Column: Compassion for immigrants, refugees will keep America great

CHARLIE KAIJO   |   Times
CHARLIE KAIJO | Times
Published

I am deeply saddened and concerned by President Donald Trump's recent executive orders that stand in stark contrast to the foundations upon which our nation was built.

Such orders call for the building of walls along our border with Mexico, increased deportation and detention of the undocumented, punishments against so-called sanctuary cities and counties, and a halt to refugee resettlement. These actions compromise our respect for the dignity of the human person and efforts to work toward the common good. Last week, we marched in defense of unborn human life. Today, we join in solidarity with people from around the world who cry out on behalf of the immigrant and the refugee since all people bear the image and likeness of God.

Our nation is largely composed of immigrants and descendants of immigrants. The United States has always been a safe haven for those fleeing religious persecution and violence. The vast majority of immigrants and refugees are hard-working people who have fled their homes out of desperation, seeking safety and a better life for themselves and for their children. They live, work and pray in our midst. The United States is a better country due to their contributions. We call again for comprehensive immigration reform that respects due process, family reunification and a path toward earned citizenship that is not burdensome in terms of time and cost.

In his address to Congress in 2015, Pope Francis commended the United States for being welcoming to immigrants and refugees. On the day of our new president's inauguration, Pope Francis sent his good wishes along with a reminder of our nation's responsibility as a world leader, saying, "At a time when our human family is beset by grave humanitarian crises demanding farsighted and united political responses, I pray that your decisions will be guided by the rich spiritual and ethical values that have shaped the history of the American people and your nation's commitment to the advancement of human dignity and freedom worldwide."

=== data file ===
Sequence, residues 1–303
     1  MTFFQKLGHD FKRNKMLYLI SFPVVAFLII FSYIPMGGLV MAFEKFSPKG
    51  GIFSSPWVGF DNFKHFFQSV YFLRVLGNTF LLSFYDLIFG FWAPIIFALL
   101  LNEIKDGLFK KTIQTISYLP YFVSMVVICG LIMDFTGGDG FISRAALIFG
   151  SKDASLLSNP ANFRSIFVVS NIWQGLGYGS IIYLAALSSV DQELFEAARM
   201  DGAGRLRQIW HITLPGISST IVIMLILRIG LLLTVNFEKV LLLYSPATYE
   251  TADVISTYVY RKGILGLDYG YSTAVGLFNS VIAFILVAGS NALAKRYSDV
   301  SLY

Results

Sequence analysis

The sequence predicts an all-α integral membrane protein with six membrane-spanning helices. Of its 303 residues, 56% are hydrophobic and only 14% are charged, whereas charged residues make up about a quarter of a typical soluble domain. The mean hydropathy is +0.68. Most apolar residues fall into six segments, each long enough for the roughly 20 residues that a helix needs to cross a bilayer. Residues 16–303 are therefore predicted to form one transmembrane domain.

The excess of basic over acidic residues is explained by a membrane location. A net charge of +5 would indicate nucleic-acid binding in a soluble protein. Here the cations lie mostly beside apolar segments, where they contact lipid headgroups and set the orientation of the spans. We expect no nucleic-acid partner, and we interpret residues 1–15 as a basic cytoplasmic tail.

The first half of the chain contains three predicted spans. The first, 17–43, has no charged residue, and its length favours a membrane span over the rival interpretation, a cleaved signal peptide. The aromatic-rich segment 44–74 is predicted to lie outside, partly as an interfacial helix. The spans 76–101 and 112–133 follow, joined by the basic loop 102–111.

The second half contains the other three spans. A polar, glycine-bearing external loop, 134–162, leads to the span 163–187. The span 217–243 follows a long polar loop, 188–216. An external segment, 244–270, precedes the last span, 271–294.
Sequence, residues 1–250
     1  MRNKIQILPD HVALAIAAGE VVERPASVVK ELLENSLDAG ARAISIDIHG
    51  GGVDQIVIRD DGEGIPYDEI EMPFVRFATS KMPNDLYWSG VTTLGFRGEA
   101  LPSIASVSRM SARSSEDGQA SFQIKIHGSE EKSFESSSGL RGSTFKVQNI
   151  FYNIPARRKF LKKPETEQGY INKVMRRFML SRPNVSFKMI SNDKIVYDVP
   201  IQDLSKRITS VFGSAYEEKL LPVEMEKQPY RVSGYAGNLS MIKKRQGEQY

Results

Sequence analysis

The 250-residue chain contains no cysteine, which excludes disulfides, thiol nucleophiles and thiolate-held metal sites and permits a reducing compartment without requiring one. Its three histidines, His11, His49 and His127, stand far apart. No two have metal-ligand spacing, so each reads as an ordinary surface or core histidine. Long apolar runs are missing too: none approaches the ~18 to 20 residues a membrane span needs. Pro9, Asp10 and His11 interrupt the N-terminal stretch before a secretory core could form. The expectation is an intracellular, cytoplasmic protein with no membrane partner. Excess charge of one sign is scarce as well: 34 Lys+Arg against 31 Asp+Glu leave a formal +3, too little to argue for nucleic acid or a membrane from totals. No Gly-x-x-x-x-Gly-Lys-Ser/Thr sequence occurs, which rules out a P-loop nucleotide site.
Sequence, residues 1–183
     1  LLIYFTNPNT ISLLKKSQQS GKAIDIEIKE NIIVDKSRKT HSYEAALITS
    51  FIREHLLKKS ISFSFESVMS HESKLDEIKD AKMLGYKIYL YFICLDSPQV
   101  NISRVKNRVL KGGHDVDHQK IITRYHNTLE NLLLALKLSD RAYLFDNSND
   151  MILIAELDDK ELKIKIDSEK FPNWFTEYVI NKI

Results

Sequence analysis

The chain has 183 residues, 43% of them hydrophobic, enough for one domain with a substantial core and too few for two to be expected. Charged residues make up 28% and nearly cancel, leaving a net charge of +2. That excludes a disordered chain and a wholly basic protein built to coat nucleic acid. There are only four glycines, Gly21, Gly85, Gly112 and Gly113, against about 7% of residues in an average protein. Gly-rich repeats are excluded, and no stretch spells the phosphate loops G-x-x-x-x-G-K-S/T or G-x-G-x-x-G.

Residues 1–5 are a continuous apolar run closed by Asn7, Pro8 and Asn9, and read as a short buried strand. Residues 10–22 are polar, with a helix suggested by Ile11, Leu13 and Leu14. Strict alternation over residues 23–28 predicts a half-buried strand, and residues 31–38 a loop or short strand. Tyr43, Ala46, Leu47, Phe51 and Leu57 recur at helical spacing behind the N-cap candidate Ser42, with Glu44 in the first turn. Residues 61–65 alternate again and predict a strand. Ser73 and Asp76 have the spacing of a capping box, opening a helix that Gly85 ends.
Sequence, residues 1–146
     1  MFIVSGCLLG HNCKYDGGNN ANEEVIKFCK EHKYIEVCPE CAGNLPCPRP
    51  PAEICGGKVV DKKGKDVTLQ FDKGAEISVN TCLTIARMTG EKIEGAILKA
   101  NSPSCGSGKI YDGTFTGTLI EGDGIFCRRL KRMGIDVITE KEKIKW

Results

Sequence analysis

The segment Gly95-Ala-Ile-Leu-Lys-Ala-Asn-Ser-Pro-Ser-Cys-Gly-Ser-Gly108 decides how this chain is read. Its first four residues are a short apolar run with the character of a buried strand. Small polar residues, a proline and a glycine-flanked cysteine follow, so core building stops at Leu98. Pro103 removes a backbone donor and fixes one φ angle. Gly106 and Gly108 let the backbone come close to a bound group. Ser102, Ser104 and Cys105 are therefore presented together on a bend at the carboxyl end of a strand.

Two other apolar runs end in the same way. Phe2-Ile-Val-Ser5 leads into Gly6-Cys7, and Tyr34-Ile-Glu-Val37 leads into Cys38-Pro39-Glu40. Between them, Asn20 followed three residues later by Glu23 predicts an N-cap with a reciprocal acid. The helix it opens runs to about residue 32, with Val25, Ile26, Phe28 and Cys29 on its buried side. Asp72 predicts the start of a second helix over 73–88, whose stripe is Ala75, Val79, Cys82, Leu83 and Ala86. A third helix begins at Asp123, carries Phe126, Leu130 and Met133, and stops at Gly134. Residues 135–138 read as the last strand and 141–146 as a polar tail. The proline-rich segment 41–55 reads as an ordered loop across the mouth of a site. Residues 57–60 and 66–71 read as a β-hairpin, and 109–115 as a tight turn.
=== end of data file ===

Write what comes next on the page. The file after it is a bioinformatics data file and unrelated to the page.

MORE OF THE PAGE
The need for the United States to show leadership in welcoming refugees and providing freedom from persecution is more urgent than ever. According to the United Nations High Commissioner for Refugees, there were more than 66 million displaced persons in the world at the end of 2015. They are victims of violence and terror — literally fleeing for their lives. Most have lost family members and all have lost their homes, their country and their way of life. They are people just like you and me. They deserve the best that we have to offer.

The process of accepting refugees is not well understood. Refugees face a lengthy and thorough vetting process before they are admitted to our country. In 2016, the United States welcomed 84,995 refugees, which is only a small fraction of those forcibly displaced around the world today. Creating a ban on resettlement from specific countries is un-Christian and un-American.

While respecting the president's primary duty to keep our country and citizens safe, I stand with and support our immigrant and refugee sisters and brothers. I call on all people of faith and goodwill to not remain silent when the language of fear and intimidation conveys a false impression of who immigrants and refugees are and what brings them to the United States.

We must not allow fear to numb us to the suffering of others. As the inscription on the Statue of Liberty reads, "Give me your tired, your poor, your huddled masses yearning to breathe free, the wretched refuse of your teeming shore. Send these, the homeless, tempest-tost to me, I lift my lamp beside the golden door!"

Let our nation continue to be a beacon of hope.

Bishop Gregory L. Parkes leads the Diocese of St. Petersburg, which includes the 432,000 Catholics in Pinellas, Hillsborough, Pasco, Hernando and Citrus counties.

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